For years, groups of missionaries have been traveling to our village and building houses. The house isn't much - 4 walls, a newly redesigned upstairs loft, and a porch. There's not insulation, no rooms, no dry wall, no heating or air conditioning, no bathroom. Just a 12x24 rectangle building. But in a world where your home before this one was held together by mis-matched pieces of pallet wood and tarped roofs, the gift of a home with a cement floor, walls without holes, and a roof that won't leak is a life changing gift.

I can't count the amount of homes that have been built in our village; I can't even tell you how many I've been able to help with. I'm so thankful for groups who forget the fear of entering a dangerous, foreign country and instead focus on following God's call to help the poor. It's life changing -- both for the people receiving the new home, and for the one's building it as well.

While every family is grateful for their new home, never have I experienced gratefulness like I did last week when Lifepoint Church built a home for our neighbors across the street.

As I went inside the house to check it out, I saw Daisy, the middle child and youngest girl, upstairs with a huge smile on her face. She proudly told me that she had claimed her room and that her sister would get the other one. (The upstairs loft is connected with a bridge of sorts, which kind of creates two separate living spaces.)  I think Daisy brought every single one of her friends upstairs to see it for themselves.

Graciela - the oldest of the kids - experienced it differently. When the house was finally finished, I watched as she ran from our house to hers to see it for herself. I followed her in, and found her upstairs alone in tears. I held her as she repeatedly thanked me for her home. "Es de Dios," I said. And she agreed, thanking God as well.

But the tears didn't end there. As she hugged the team members, thanking them for this gift, we were all brought to tears ourselves -- big weeping tears of joy and thankfulness.

What we didn't know until later is that this house was more than a dry, rat-free place to live for Graciela. As tears filled her eyes, her mom told us how much her daughter had been dreaming of a house like this. Since they moved into our village a year ago, they had been known as the "poor" family. In school, she was picked on for having a house so small, so full of rain water, with only two beds inside where they all slept together; No chairs, no table - just two beds and a stove in a 12x10 space.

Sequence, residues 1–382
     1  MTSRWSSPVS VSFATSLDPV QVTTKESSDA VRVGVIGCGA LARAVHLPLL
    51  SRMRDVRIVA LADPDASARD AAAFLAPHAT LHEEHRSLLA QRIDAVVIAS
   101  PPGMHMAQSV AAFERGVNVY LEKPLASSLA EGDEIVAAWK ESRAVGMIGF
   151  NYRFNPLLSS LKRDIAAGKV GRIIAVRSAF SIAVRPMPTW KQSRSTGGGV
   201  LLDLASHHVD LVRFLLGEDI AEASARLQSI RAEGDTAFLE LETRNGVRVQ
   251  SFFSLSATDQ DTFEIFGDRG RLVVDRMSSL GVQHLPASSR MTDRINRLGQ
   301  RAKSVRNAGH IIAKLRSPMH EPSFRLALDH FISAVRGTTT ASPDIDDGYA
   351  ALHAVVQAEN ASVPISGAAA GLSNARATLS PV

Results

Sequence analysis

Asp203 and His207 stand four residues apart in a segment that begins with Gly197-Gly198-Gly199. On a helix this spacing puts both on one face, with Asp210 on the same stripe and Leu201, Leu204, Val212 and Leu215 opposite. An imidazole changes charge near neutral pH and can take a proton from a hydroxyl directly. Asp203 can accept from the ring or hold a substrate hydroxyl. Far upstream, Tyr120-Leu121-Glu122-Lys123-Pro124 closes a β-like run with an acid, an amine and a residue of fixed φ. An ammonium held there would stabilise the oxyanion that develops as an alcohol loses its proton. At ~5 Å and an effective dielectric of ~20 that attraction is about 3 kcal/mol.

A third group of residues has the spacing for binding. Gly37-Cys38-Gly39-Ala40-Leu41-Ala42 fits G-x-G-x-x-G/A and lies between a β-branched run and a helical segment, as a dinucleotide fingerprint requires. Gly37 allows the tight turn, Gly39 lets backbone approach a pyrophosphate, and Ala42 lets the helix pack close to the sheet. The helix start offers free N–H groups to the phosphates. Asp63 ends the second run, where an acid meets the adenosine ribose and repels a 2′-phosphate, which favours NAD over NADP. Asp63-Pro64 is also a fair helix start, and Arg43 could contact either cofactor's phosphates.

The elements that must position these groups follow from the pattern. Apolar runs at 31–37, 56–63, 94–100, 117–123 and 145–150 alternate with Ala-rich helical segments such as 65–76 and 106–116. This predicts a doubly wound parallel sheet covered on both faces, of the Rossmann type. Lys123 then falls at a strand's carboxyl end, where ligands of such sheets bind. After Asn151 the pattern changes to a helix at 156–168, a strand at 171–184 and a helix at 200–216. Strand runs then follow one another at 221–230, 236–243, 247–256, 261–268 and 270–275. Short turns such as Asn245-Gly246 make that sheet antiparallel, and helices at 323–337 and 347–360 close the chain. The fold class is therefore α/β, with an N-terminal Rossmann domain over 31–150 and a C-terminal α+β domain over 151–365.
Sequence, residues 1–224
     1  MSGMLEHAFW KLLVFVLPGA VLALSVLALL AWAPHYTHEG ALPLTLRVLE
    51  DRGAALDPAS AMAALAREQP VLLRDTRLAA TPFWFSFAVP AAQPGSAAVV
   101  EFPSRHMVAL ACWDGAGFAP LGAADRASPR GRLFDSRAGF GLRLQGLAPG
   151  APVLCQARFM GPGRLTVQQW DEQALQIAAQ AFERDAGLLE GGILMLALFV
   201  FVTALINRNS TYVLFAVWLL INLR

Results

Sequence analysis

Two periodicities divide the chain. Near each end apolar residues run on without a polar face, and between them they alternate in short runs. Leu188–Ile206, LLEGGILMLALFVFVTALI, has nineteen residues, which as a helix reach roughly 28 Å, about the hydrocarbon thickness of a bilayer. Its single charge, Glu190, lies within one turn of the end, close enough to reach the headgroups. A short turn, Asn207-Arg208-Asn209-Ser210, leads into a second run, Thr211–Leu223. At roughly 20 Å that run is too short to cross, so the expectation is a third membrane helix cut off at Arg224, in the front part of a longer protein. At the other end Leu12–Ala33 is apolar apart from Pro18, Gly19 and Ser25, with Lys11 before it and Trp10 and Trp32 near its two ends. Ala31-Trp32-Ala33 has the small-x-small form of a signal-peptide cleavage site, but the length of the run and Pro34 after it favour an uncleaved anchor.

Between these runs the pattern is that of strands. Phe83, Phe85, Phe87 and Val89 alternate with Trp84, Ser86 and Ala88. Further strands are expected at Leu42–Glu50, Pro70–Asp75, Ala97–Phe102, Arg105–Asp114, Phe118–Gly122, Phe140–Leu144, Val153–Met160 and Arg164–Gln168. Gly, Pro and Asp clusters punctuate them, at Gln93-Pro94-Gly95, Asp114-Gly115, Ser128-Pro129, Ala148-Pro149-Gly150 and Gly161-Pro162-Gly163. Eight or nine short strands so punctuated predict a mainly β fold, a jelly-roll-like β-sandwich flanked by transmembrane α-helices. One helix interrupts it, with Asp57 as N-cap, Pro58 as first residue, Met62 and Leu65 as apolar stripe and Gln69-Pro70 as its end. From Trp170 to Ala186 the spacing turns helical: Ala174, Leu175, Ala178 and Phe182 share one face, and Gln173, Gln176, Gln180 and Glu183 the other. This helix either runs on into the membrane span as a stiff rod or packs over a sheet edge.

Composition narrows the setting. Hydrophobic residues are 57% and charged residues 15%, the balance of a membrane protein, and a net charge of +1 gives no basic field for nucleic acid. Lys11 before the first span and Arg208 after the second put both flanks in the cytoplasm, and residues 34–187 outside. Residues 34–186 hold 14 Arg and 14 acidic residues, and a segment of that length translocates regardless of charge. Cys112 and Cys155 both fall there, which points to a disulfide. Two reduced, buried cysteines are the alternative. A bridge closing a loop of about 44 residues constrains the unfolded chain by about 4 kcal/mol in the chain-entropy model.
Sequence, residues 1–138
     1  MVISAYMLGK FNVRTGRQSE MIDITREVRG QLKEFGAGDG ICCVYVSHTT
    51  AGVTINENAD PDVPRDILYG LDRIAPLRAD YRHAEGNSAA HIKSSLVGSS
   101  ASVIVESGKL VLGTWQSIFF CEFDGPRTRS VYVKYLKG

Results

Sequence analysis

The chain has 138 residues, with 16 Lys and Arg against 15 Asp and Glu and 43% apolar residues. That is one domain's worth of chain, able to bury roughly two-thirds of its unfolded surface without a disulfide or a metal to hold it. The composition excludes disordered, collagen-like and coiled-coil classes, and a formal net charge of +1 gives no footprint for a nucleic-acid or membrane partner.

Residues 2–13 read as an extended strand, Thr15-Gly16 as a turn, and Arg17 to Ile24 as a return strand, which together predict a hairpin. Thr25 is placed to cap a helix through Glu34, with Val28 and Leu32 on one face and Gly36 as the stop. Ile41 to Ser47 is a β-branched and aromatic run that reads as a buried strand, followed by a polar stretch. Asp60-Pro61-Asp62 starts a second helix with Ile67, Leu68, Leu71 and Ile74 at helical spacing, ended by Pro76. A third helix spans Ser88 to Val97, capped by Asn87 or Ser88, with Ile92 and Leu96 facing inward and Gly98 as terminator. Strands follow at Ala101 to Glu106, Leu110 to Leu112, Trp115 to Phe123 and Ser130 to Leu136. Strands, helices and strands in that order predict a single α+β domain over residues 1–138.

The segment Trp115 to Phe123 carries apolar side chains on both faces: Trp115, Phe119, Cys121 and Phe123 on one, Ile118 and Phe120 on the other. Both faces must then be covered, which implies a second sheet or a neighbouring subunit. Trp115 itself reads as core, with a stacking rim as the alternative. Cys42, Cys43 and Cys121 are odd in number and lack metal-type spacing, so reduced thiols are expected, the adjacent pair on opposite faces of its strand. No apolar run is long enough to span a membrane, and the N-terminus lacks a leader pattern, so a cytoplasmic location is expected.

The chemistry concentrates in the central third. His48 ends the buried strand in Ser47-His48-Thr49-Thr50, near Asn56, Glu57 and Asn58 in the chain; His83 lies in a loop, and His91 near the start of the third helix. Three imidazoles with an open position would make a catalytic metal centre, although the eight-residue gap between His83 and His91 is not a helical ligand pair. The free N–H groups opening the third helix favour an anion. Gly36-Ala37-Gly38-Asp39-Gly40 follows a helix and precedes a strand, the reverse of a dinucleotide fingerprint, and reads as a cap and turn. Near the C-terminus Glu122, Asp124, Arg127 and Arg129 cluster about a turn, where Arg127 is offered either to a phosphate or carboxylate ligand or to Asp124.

This was more than a house for Graciela.

This house was a source of hope for her. Hope that her identity and place in her community could change. That she wouldn't be picked on any longer. She finally felt like she was worthy of more.

It breaks my heart that she ever felt lesser-than. Because she's not. She's truly one of the most amazing people I've ever known. Her family has been through a lot - with a father who was once involved in cartel business, and parents who only recently gave their lives to Christ, a mother who takes care of the children by herself 6 days a week from the time they wake until the time they go to bed - Graciela had taken on a great amount of responsibility to care for her family. Her tears were more than they seemed. They were the picture of freedom for her soul.

My favorite part of building homes in Mexico is the dedication. Once the house is complete, the team gathers at the new house with the family in celebration. We share scripture, people tell stories of what God had done that week in their lives, we lay hands on the house and pray over the family, and finally, we hand over the keys to their new home. It's more beautiful than you could imagine.

And there are more tears.

Always more tears.

In those moments, while I watched that child overcome with emotion for something that most people would view as a glorified shed, my ugliness became so evident. I prayed right then that the Lord would bring that moment back to my mind any time I found myself becoming discontent, every time I complained about where I lived, whether I was cold or hot, when I wanted more more more.

Lord, give me a spirit of gratefulness like Graciela.